The deceased’s mother later told police she thought his father had taken him, so she spent the Tuesday night and Wednesday drinking alcohol on her own in the house. When she received a text message on the Wednesday afternoon from Communities informing her the deceased was not with his father, she realised he was still at home. She went to check on him and found he had died in his cot. She moved his body to the floor of his bedroom then went and drank more alcohol before leaving the house in a heavily intoxicated state. She was detained by police and taken by ambulance to hospital, where she was spoken to by police officers and health staff, but she did not disclose what had happened to her son. She was admitted as an involuntary psychiatric patient and Communities were advised by hospital staff of her admission. They began to make enquiries to locate the two children, which eventually led the deceased’s great aunt to find his body on the floor of his bedroom at around 1.00 pm on 19 August 2021.

A Homicide Squad investigation commenced. As part of the investigation, a forensic pathologist attended the scene and then conducted a comprehensive post mortem examination. The forensic pathologist was unable to establish a cause of death, noting the deceased had severe heart disease and epilepsy, which might have caused his sudden death at any time, or alternatively he may have died from an infection, suffocation or malnourishment and dehydration. There was no evidence to establish that any person caused his death and no charges were laid by the police.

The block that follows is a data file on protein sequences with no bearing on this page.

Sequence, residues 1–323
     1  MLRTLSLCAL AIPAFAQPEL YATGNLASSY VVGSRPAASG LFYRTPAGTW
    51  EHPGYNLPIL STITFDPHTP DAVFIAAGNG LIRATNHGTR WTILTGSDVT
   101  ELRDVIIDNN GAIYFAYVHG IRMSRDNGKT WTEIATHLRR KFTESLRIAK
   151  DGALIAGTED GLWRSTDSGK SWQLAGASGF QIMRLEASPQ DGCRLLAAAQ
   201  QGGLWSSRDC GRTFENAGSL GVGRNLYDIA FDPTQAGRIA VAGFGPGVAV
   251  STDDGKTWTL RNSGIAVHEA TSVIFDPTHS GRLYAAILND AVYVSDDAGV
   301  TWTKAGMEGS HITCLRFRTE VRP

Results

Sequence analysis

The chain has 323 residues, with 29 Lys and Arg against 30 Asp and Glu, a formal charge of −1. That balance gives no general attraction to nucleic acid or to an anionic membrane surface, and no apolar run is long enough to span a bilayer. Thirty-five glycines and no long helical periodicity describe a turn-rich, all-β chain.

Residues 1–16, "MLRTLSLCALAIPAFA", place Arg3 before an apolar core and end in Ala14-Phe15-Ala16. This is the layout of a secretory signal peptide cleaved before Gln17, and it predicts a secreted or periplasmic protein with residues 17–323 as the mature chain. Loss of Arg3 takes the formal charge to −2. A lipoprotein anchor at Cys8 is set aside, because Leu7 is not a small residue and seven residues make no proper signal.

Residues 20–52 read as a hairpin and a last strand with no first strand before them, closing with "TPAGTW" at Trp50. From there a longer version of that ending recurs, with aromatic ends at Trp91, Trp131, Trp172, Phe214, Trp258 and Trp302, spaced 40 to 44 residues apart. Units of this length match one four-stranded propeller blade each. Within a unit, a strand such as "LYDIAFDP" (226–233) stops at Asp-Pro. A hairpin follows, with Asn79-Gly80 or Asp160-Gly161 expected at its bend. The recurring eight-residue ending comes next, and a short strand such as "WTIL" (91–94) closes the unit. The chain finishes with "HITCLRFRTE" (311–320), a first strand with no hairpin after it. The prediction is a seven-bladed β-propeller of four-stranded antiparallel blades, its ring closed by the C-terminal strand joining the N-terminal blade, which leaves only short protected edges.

The Deputy State Coroner was unable to determine how the deceased died and made an Open Finding as to the manner of his death.

The Deputy State Coroner gave consideration to the supervision provided by Communities prior to the deceased’s death and made one recommendation in relation to a health assessment for vulnerable children with a disability who are the subject of an open investigation.

Catch Words : Department of Communities : Neglect : Child with Disability: Possible Homicide : Open Finding

Last updated: 19-Apr-2024